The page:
The 140kW Twin Turbo Diesel Engine is smooth and provides a very flat torque response that starts at very low revs.  This was noticeable against the older model tested that frequently got stuck due to wheel spin induced by the peaky nature of torque provided; apparently having “nothing” below 1500 rpm and then everything all at once! NissanConnect™ smartphone connectivity offers good functionality with Bluetooth streaming of media to the screen, LED Headlights with Signature Daytime Running Lights and a  Rearview Camera, which was great for watching others getting stuck behind you and watching the plumes of mud thrown at them from the All Terrain tyres.

The Hill Descent Control and Hill Start Assist will no doubt be beneficial for rural use and were easy to use. Leather Accented Seat Trim, Satellite Navigation and 7″ colour display all add to the sense of being in a special place when sat in the cabin.  There are a number of storage bins and boxes that should consume all the bits and pieces that often need to find a home when on the road. It was also noted that the glove box on the new model is much larger than on the previous one and allowed substantially more than just a pair of gloves to be stowed.  Although sunny on the day, the sunroof was not used, but the glass roof added much light into the cabin and created a feeling of space and airiness.  Headroom was not compromised by the sunroof as can be the case when this option is ticked due to the sculptured nature of the ceiling.

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What’s it up against?

Brand / Model Engine Power Fuel L/100km Max Towing Capacity (braked) kg Price Highest to Lowest
Toyota Hilux SR5 turbo diesel 3.0 litre 4 cylinder in-line Turbo Diesel 126kw/ 343 Nm 8.7L/100km 2,800 $65,290
Toyota Hilux SR5 V6 petrol 4.0 litre V6 Petrol 175kw/ 376 Nm 13.0L/100km 2,800 $65,290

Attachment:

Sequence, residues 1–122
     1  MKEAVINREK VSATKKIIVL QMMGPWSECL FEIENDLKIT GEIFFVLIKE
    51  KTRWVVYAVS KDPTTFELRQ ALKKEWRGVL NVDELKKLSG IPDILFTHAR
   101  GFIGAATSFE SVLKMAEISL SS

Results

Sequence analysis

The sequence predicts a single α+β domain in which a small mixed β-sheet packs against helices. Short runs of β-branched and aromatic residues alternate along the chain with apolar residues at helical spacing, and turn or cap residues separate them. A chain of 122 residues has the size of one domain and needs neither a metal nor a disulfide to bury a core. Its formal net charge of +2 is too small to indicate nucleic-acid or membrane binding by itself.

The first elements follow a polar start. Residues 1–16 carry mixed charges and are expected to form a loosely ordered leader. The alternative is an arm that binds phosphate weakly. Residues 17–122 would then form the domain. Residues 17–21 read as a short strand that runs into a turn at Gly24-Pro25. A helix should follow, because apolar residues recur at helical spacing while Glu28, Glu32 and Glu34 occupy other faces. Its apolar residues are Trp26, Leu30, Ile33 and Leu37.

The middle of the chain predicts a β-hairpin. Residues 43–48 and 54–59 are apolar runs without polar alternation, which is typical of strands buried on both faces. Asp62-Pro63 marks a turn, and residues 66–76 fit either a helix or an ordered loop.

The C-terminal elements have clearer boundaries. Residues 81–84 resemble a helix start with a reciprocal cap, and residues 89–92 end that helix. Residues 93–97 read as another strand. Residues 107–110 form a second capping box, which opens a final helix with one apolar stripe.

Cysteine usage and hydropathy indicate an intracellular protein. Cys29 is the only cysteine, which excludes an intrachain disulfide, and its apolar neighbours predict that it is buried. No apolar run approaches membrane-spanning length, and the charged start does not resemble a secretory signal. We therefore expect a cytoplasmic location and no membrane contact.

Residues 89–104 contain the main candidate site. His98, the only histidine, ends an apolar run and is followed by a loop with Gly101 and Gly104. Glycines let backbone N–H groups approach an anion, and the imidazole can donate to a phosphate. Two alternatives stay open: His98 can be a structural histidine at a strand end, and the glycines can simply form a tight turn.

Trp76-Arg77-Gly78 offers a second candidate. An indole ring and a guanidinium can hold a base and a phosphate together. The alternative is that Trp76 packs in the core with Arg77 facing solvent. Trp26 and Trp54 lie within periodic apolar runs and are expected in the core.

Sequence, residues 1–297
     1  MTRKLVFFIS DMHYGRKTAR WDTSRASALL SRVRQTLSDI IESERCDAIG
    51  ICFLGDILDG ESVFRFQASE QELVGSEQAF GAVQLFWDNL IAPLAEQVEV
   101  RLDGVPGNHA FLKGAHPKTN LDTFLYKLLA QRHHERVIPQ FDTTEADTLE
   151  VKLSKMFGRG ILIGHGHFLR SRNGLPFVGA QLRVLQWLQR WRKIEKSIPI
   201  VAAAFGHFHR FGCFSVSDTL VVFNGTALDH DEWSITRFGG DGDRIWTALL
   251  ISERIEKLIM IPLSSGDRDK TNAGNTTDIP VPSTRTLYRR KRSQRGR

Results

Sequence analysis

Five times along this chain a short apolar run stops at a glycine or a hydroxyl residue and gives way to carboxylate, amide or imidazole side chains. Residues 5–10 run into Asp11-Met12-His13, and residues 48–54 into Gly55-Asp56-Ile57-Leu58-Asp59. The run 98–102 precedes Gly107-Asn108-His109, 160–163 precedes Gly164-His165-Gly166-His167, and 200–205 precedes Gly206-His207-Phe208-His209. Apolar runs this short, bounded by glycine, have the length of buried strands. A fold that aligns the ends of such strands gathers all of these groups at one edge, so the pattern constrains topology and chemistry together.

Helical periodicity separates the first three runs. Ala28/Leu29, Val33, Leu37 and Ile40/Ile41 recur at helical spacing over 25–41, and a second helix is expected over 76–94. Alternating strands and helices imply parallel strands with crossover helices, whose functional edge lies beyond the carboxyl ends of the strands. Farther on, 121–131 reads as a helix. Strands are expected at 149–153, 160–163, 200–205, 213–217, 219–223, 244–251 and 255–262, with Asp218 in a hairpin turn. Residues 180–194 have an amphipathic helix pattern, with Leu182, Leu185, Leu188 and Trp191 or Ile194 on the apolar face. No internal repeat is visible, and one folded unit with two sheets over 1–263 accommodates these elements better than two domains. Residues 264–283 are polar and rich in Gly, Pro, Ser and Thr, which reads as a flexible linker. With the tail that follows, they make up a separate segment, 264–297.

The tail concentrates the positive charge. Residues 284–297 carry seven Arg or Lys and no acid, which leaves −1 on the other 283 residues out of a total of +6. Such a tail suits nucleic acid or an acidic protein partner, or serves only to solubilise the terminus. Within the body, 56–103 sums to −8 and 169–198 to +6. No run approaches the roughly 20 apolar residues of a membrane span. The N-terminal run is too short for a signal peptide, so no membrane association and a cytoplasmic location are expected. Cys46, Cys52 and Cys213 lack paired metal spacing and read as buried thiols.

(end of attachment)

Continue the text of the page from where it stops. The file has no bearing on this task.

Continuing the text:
Nissan Navara NP300 ST XAuto 2.3 Litre twin turbo Diesel 140kw/450Nm 7l/100km 3,500 $62,990
VW Amarok TDI Dbl Highline Auto 2.0-litre Twin Turbo Diesel 132kw / 420Nm 7.8L/100km 3,000 $65,990
Holden Colorado LTZ Crew Cab Sports Auto 2.8-litre Turbo Diesel 147kw / 440Nm 7.9L/100km 3,500 $61,990
Ford Ranger XLT Dbl Cab 3.2-litre Turbo Diesel 147kw / 470Nm 9.4L/100km 3,500 $61,540
Mitsubishi Triton Utility 4WD Double Cab GLS 2.5-litre Turbo Diesel 133kw / 356Nm 9.6L/100km 3,000 $59,490
Isuzu D-Max LS Double Cab 3.0-litre Turbo Diesel 130kw / 380Nm 8.1L/100km 3,500 $56,990
Great Wall V200 Utility 2.0-litre Turbo Diesel 105kw / 310Nm 8.3L/100km 2,000 $29,990

The good and the bad

Pros Cons
  • Ride and refinement
  • Quiet
  • Spacious inside
  • Improved response from diesel engine
  • Auto Box
  • Blends workhorse ability with family and SUV appeal
  • Fit, finish and quality of package
  • Difficult to place the front corners. Bonnet seems higher and restricts view of front in tight places.
  • Gap between tailgate and bed will allow dirt and debris in when used for Family jaunts with a canopy on.
  • Everyone will want to borrow it!


What do we think?

When compared with the Toyota and Holden utes, (I have ignored the budget targeted brands) the interior quality of controls and surfaces is a step up, without so much rattly plastic and what feels like fragile buttons and controls in the Holden I recently used.

I was impressed with the refinement of the ride, the quality and specifications of the interior and the retainment of a dependable workhorse appeal that this ute offers.  All of this is wrapped up in a vehicle that would not look out of place in the manager’s car parking space, or on the farm, or construction site. Certainly I would not mind arriving at meetings in this ute and stepping out in a suit, or in my trades work wear in the week and then loading it up with the family and “stuff” for the weekend, with the bikes and tramping gear replacing the tools and materials in the back.

I overheard a number of positive comments and a couple of possible sales made on the day, and so I think this ute resonates well with the market place and the target buyers.

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After spending a day with new Navara NP300, I drove it up steep wet grassy hills, through rutted deep muddy tracks, waded through water features, endeavoured to wear the tyres out on the skid pan and drove it on the highway. Perhaps I epitomise the target market for the Nissan Navara NP300 and that they have done their research very well, but I found myself wanting to own one on the drive back to the Dealership without any real need for one.  I think Nissan are on to a winner.



Nissan NavaraNP300 ST-X 4X4 Dual Cab

Vehicle Type Utility vehicle
Starting Price $31,990 + ORC NZD
Tested Price $62,990 + ORC NZD
Engine YS23DDTT 2.3 litre intercooled twin turbo-diesel, DOHC 140KW/450NM
Transmission 7-speed automatic with manual mode
Gross Vehicle Mass 1850kg
Length x Width x Height 5255 x 1850 x 1840 mm
Towing Capacity – unbraked/braked (kg) 750/3500
Fuel Tank 80 Litres
Fuel Consumption – diesel/petrol 7L/10